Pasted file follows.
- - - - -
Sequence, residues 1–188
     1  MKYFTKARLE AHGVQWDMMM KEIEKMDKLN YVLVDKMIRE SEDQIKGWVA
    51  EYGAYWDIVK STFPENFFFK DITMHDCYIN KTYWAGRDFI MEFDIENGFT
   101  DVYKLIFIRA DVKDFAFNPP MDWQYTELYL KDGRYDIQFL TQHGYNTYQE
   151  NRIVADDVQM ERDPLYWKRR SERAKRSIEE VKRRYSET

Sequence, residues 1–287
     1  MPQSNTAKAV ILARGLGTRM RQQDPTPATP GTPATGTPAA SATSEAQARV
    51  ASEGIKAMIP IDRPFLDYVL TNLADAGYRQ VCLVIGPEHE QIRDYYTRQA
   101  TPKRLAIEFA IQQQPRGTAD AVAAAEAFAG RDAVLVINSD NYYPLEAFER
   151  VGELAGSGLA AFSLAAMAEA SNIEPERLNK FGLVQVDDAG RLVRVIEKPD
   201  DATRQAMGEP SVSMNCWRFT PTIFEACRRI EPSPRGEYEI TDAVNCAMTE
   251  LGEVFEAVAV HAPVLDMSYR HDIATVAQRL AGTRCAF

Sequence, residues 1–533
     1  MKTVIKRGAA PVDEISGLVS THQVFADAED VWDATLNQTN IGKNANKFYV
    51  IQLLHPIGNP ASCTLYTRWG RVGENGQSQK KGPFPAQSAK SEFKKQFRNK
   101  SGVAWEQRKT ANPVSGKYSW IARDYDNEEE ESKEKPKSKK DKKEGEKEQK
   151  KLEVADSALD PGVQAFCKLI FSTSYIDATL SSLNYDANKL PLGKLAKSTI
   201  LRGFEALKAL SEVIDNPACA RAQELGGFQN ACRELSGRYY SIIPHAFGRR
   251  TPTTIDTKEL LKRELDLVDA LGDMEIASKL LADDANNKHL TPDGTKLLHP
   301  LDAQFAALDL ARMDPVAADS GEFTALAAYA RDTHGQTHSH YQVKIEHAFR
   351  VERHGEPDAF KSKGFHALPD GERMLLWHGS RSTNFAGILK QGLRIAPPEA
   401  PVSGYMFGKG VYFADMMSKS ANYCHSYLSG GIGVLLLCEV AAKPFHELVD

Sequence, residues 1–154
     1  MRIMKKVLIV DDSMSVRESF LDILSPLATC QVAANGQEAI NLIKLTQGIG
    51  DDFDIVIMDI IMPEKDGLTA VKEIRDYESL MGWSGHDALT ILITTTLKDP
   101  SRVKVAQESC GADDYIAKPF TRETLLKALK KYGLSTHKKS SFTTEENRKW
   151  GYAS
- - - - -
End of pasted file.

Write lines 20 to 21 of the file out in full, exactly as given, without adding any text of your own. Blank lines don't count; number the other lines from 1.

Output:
   301  LDAQFAALDL ARMDPVAADS GEFTALAAYA RDTHGQTHSH YQVKIEHAFR
   351  VERHGEPDAF KSKGFHALPD GERMLLWHGS RSTNFAGILK QGLRIAPPEA